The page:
DEF LEPPARD's continued standing as a beloved rock act has been bolstered by their consistency as a strong live act among the glut of legacy bands that still sell tickets based on past hits. The revered Brits revisited their past earlier this year with the exhaustive "The Early Years 79 – 81" set, and now, showcase their current abilities on "London to Vegas". The new set — available in two-disc Blu-Ray or DVD versions, alongside four CD's in both sets — consists of two full concerts recorded between December 2018 and summer 2019, both showcasing different aspects of the band's catalog.
DEF LEPPARD sold out London's O2 Arena in December 2018 for a concert centered around a full performance of their 1987 commercial smash, "Hysteria". The live arena emphasizes the strengths of the original songs, as the sense of energy and pop catchiness contained in those songs carry this set, along with a loud audience that enthusiastically lends their support on album favorites such as "Pour Some Sugar on Me". The band also sounds incredibly tight, especially on faster-paced rockers such as "Run Riot". Age does creep up a little bit on this performance, as Joe Elliot sounds a little rough on vocals early on, though by the start of "Animal", he is warmed up and stays strong for the rest of the set.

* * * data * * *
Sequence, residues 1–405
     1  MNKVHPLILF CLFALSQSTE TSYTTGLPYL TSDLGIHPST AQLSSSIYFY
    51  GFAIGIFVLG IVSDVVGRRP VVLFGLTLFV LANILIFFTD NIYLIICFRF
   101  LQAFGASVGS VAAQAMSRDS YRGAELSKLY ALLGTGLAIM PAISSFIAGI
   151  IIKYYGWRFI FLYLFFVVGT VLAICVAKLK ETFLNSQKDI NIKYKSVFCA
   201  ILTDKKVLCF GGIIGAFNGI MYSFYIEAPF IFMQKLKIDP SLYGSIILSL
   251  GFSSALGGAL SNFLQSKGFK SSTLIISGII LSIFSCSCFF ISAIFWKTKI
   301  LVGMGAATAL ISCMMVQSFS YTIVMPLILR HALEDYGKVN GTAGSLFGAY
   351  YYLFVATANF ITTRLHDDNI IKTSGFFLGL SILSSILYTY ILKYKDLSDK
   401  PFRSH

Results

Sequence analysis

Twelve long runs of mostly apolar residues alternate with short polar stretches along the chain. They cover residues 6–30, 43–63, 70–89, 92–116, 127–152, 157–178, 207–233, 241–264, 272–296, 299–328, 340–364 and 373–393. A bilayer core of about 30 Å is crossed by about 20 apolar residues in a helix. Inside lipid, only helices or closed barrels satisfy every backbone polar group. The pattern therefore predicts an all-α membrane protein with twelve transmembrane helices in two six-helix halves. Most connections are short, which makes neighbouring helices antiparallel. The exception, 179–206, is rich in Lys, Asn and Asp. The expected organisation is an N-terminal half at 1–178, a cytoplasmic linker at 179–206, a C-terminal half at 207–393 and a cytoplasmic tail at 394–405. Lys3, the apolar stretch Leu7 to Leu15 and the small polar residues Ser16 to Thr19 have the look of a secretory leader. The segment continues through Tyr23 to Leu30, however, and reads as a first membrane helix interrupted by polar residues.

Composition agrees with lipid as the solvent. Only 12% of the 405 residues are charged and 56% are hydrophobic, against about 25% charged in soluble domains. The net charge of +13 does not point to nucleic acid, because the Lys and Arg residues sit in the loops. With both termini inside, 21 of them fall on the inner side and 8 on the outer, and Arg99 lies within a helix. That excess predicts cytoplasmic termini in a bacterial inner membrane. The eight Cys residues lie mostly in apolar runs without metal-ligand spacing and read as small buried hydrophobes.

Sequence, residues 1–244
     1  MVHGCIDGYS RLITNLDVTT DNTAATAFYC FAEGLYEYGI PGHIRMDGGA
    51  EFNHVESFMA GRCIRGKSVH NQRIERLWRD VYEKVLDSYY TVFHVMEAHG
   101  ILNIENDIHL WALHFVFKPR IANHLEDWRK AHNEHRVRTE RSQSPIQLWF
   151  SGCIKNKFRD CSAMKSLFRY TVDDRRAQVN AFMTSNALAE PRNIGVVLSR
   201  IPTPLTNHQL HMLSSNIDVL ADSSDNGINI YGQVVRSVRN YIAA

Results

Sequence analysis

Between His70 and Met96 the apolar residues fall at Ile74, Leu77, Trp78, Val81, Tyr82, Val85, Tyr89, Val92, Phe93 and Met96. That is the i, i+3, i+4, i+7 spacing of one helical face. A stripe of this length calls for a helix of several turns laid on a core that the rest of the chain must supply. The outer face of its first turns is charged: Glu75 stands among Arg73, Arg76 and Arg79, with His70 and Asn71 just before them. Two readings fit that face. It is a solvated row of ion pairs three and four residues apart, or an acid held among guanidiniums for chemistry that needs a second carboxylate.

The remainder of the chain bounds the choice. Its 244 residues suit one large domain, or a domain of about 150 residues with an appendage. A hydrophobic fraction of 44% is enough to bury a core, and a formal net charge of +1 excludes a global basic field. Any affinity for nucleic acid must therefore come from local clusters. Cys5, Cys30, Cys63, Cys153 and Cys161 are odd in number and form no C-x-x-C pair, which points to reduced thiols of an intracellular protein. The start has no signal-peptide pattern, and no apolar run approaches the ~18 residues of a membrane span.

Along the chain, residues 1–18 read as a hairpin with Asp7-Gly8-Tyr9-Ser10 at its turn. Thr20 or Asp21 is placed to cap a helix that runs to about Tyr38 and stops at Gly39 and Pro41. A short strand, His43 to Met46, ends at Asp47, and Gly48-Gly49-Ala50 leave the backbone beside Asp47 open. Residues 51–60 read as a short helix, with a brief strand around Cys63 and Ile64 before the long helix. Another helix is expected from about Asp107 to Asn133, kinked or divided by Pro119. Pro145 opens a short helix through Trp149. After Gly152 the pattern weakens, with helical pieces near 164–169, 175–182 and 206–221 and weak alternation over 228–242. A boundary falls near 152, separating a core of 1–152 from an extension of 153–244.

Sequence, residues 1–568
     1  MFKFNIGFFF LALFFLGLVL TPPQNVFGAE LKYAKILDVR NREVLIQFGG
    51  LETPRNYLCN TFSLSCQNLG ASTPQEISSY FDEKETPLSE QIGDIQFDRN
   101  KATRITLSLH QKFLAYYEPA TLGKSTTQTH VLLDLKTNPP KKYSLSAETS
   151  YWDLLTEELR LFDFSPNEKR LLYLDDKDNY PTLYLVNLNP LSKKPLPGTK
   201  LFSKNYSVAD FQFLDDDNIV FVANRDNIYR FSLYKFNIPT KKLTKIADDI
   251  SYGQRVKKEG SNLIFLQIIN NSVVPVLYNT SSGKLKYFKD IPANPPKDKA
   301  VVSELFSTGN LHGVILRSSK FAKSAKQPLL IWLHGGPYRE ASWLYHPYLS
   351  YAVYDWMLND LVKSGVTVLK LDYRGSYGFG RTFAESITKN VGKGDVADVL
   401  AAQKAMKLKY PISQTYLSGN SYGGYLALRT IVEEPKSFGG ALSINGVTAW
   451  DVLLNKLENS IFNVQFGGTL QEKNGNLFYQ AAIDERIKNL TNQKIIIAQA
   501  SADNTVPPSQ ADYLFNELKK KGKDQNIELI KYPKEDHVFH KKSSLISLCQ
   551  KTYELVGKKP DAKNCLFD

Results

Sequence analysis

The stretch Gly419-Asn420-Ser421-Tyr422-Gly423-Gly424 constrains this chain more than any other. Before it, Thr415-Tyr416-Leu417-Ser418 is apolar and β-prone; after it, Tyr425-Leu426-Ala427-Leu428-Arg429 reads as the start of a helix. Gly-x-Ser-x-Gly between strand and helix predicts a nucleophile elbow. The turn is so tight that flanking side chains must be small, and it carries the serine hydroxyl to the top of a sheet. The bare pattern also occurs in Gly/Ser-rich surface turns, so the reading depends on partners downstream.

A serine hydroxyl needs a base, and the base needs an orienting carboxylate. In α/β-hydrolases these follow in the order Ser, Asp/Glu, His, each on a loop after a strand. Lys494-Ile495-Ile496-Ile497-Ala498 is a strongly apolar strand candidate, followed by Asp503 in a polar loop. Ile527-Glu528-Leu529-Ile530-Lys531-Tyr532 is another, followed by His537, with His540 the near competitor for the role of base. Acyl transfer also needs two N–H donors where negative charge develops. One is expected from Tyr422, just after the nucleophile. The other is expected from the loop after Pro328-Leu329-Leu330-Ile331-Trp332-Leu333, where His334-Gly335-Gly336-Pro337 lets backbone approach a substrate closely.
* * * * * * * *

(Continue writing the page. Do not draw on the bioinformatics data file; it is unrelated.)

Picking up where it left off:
The production side on this specific concert though is a bit generic. Beginning with an overhead shot of the arena and leading into the concert with the standard shot of the band walking out of their dressing room, the video presentation, as well as the in-arena stage production and blocking, feels ripped out of a stock live concert production kit. It's also hard to not see this performance as an unnecessary double-dip, as a full performance of this record was already spotlighted on the 2013 release of "Viva! Hysteria".
The second concert, a summer 2019 performance filmed during the group's 12-show residency at Las Vegas's Planet Hollywood, is the where the money spent on this set will be well-rewarded. Whether it's due to the Las Vegas setting, the set list being much less rigid, or the band simply being in a strong groove, the vibe during this show is much more energetic. Joe Elliot's voice is strong for the entirety of the two-and-a-half-hour set, and the band have more casual interplay with one other. Individual band members get more time to shine here, with guitarists Phil Collen and Vivian Campbell and bassist Rick Savage all getting opportunities to walk to the catwalk's front and show off for the front row, as well as Rick Allen getting a spot-lit drum solo.
Songs that crossover from the London show, taking up about half of the Las Vegas set list, have a more raucous and loose energy. The band fills out the show with some deeper cuts, revisiting the '90s with "Slang", throwing back to 1981's "High 'n' Dry" with a performance of "Let It Go", and delivering an infectious cover of SWEET's "Action". An acoustic portion of the show centered around "Two Steps Behind" perhaps runs a bit long, but otherwise, this performance makes anyone who passed on an opportunity to see any of the Las Vegas shows regret that decision.
If DEF LEPPARD released the London show as a stand-alone release, our score here might be a little lower. But the inclusion of the incredibly fun Las Vegas set is what shifts "London to Vegas" from mere product to an essential purchase and is the true showcase of how strong DEF LEPPARD is as a live act today.